Close captioning has been in the entertainment news twice so far in 2023 related to two large events: the Sundance Film Festival and the Grammy Awards.
Here are two articles that outline what happened:
- Sundance Technical Snafu Sees U.S. Dramatic Jurors Exit ‘Magazine Dreams’ Premiere on Deadline (this link opens a new tab)
- CBS Adds Spanish Closed Captioning To Replays Of Bad Bunny’s Grammy Performances — Update on Deadline (this link opens a new tab)
Both articles highlight issues that happened with closed captions, in one instance not being available for a film, and another a situation where part of a live broadcast wasn’t captioned correctly. Each of these was avoidable, and each has an aspect that shows that captions sometimes are not viewed as essential.
In the case of the Magazine Dreams premiere at Sundance, according to the Deadline report, the captioning device that actress Marlee Matlin, who was a Sundance juror at the 2023 festival, did not function correctly. And after several minutes of trying to fix the device, Matlin and her fellow jurors left the screening.
It was great to read about the solidarity of the jurors, to leave the screening rather than one of them not being able to fully engage with the movie. Hopefully Sundance and filmmakers will get better to ensure that everyone can engage with movies (and all media) in the way that is best for them. Further, it needs to be easily available and not something that’s only at certain showings, or at certain venues.
In my view, far worse than the Sundance malfunction was CBS’s captioning efforts for the 2023 Grammy Awards. Artist Bad Bunny not only opened the show, but later won. While Bad Bunny was singing in Spanish, the East Coast live audience saw “SINGING NON-ENGLISH.” Then, during Bad Bunny’s acceptance speech, which he delivered in a mix of English and Spanish, for the Spanish parts the caption read “SPEAKING NON-ENGLISH.”
This is unacceptable. Yes, it’s a live performance and that adds additional challenges to providing accurate captions. However, CBS was aware in advance what Bad Bunny would sing and they should’ve prepared for that as they organized the captioning effort. Further, since he was nominated, there should’ve been anticipation that he might win and offer a multilingual speech and therefore a multilingual captioner should have been on duty.
CBS fixed the issue for the West Coast replay, and the streaming version on Paramount+, but it still doesn’t excuse not having correct captions for those watching on the East Coast. Closed captions on televisions aren’t a new thing, and networks should do a better job to ensure their programming is accessible and inclusive of everyone.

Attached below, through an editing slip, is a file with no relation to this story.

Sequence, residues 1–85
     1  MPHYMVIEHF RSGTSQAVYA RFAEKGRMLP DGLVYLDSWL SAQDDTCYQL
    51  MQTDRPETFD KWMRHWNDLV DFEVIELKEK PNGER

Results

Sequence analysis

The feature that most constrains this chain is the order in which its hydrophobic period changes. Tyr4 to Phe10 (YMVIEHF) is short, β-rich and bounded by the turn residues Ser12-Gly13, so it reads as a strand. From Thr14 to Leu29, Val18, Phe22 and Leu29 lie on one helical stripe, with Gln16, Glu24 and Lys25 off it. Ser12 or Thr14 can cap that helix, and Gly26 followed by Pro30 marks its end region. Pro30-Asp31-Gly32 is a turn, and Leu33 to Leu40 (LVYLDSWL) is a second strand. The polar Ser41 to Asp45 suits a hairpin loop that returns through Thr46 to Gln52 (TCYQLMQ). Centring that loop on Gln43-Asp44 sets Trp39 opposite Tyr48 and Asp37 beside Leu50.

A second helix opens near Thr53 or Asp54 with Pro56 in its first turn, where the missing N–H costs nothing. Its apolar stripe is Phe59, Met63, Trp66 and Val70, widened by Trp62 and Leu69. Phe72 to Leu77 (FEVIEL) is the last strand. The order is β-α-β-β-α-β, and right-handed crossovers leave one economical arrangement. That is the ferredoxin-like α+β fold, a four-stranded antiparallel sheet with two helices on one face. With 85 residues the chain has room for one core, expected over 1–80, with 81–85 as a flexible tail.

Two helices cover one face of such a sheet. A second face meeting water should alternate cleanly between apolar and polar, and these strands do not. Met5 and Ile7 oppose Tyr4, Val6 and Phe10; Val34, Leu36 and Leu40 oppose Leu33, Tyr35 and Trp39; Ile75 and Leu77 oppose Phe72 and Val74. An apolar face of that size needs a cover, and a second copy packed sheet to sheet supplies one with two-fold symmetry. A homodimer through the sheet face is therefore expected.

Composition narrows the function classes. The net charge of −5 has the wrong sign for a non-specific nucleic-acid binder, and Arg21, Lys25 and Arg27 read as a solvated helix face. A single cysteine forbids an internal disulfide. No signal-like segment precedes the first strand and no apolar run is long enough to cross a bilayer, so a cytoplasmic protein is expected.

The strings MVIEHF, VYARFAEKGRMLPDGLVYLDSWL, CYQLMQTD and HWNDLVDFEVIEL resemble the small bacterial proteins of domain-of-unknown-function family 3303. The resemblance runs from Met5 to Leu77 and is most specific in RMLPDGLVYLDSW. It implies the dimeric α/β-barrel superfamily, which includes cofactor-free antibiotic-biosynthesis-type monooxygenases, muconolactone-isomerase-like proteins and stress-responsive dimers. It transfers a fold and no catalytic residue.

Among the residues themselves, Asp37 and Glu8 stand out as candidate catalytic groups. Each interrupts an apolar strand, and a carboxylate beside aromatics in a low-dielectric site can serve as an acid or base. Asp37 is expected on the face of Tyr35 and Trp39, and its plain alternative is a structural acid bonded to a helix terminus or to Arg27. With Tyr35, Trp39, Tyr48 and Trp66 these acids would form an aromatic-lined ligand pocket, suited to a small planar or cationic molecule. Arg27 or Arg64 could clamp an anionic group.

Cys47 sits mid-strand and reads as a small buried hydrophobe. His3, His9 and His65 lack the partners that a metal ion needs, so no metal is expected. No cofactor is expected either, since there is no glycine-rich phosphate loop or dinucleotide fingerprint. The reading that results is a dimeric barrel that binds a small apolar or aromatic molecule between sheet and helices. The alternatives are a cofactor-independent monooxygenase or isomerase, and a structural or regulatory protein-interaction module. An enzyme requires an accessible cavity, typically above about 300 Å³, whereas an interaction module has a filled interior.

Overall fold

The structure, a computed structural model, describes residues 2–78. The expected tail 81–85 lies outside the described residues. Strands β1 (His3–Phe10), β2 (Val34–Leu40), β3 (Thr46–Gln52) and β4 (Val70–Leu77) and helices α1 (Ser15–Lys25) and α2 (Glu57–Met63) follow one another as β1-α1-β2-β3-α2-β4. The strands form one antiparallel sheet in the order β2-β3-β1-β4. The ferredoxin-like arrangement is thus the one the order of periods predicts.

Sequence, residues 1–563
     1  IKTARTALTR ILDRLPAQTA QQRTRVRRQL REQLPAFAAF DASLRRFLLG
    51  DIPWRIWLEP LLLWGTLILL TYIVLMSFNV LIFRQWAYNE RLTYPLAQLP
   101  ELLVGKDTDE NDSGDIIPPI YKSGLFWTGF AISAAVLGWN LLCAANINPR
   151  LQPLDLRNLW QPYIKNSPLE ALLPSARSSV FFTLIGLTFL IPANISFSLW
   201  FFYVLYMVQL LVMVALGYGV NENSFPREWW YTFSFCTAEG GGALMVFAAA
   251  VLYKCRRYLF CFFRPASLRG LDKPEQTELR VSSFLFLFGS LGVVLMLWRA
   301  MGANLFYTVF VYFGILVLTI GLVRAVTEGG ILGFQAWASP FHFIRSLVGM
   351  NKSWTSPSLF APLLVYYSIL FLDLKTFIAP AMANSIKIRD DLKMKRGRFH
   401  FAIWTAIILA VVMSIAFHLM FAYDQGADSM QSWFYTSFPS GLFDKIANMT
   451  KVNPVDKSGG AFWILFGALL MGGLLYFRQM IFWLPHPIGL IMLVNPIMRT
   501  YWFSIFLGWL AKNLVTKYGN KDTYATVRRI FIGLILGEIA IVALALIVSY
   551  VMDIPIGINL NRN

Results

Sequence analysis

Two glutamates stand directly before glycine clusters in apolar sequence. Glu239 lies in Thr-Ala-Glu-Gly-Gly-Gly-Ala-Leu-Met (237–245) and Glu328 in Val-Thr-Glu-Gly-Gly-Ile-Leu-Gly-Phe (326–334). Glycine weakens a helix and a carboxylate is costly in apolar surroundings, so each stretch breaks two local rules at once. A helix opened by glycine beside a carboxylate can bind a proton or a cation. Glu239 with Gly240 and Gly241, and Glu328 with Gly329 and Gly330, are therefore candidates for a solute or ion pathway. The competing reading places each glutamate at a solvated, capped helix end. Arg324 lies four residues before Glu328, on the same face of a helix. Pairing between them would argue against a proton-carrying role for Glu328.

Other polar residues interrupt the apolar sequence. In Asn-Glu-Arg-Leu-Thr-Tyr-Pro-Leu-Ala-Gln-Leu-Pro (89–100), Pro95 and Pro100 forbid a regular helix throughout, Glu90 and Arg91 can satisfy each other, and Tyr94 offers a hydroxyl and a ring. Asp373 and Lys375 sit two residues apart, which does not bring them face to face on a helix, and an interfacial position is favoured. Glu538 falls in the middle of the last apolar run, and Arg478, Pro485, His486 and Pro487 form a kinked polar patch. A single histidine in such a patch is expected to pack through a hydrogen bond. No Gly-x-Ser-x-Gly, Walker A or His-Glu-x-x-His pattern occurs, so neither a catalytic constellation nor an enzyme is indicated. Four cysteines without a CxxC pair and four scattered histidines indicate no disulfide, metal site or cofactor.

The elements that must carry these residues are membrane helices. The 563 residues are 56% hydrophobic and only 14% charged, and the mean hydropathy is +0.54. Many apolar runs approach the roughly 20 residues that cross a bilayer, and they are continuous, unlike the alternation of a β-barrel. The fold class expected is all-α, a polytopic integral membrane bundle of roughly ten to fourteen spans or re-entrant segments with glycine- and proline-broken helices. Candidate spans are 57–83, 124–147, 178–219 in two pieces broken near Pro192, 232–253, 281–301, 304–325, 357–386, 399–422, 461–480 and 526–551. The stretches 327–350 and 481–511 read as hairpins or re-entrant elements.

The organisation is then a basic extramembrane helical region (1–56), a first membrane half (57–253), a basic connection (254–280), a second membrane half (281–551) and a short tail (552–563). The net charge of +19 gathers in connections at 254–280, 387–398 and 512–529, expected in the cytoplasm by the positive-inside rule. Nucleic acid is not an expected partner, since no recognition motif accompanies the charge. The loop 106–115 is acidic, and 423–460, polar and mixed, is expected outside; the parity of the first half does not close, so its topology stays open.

To their credit, a few days later, CBS’s President & CEO also took full responsibility for what happened and pledged to do better. In a letter to U.S. Rep Robert Garcia, George Cheeks wrote, “We worked with a closed captioning vendor that did not execute at a standard to which we should rightfully be held. Regardless, we should have monitored the situation more closely. A bilingual (English and Spanish-language) real-time live captioner should have been utilized and the words used on the screen were insensitive to many. I take full responsibility for what happened.” You can read the full story on the apology here: “CBS CEO George Cheeks Takes ‘Full Responsibility’ For Close Captioning Snafu Involving Bad Bunny At Grammys” on Deadline (this link opens a new tab)
Let’s hope this means improved closed captions for everyone, and that other TV networks and streamers take note of CBS’s failure to improve their processes too.
And a Broadway Captioning Experience…
I’ll leave you with one last story on captioning. This one comes from Meryl Evans, who I follow on LinkedIn because she offers great insight around all things digital accessibility. Meryl loves theater and recently attended MJ The Musical on Broadway. It was not a great experience because the caption device didn’t work. I encourage you to read Meryl’s account on LinkedIn (this link opens a new tab). It’s a great look at the issues that people with hearing disabilities can face when trying to enjoy an evening out at the theater.
I’ll leave all the creators with a simple request: Make sure your audio-only programs have properly edited and formatted transcripts, and that your videos have properly edited and formatted captions. That way, everyone in your audience will feel included.